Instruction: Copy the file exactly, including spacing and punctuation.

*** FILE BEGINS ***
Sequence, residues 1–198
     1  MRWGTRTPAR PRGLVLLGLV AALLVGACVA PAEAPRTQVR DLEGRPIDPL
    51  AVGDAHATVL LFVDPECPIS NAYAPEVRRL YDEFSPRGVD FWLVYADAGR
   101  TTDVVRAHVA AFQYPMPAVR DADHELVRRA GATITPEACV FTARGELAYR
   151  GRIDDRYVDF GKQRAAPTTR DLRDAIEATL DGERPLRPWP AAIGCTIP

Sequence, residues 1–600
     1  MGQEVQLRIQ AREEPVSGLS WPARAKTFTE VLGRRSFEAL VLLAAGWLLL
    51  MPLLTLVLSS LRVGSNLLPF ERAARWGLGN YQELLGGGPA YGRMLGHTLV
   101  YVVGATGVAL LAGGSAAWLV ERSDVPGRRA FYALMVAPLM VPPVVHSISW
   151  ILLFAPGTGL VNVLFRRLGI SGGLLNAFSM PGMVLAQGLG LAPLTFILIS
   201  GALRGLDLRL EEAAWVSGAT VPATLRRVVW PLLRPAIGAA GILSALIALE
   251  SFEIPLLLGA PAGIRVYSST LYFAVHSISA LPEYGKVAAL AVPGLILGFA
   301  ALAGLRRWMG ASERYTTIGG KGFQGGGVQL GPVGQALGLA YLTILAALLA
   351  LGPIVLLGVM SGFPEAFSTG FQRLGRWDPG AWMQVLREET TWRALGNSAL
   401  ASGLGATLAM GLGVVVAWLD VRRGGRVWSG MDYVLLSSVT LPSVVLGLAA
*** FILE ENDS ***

Sequence, residues 1–198
     1  MRWGTRTPAR PRGLVLLGLV AALLVGACVA PAEAPRTQVR DLEGRPIDPL
    51  AVGDAHATVL LFVDPECPIS NAYAPEVRRL YDEFSPRGVD FWLVYADAGR
   101  TTDVVRAHVA AFQYPMPAVR DADHELVRRA GATITPEACV FTARGELAYR
   151  GRIDDRYVDF GKQRAAPTTR DLRDAIEATL DGERPLRPWP AAIGCTIP

Sequence, residues 1–600
     1  MGQEVQLRIQ AREEPVSGLS WPARAKTFTE VLGRRSFEAL VLLAAGWLLL
    51  MPLLTLVLSS LRVGSNLLPF ERAARWGLGN YQELLGGGPA YGRMLGHTLV
   101  YVVGATGVAL LAGGSAAWLV ERSDVPGRRA FYALMVAPLM VPPVVHSISW
   151  ILLFAPGTGL VNVLFRRLGI SGGLLNAFSM PGMVLAQGLG LAPLTFILIS
   201  GALRGLDLRL EEAAWVSGAT VPATLRRVVW PLLRPAIGAA GILSALIALE
   251  SFEIPLLLGA PAGIRVYSST LYFAVHSISA LPEYGKVAAL AVPGLILGFA
   301  ALAGLRRWMG ASERYTTIGG KGFQGGGVQL GPVGQALGLA YLTILAALLA
   351  LGPIVLLGVM SGFPEAFSTG FQRLGRWDPG AWMQVLREET TWRALGNSAL
   401  ASGLGATLAM GLGVVVAWLD VRRGGRVWSG MDYVLLSSVT LPSVVLGLAA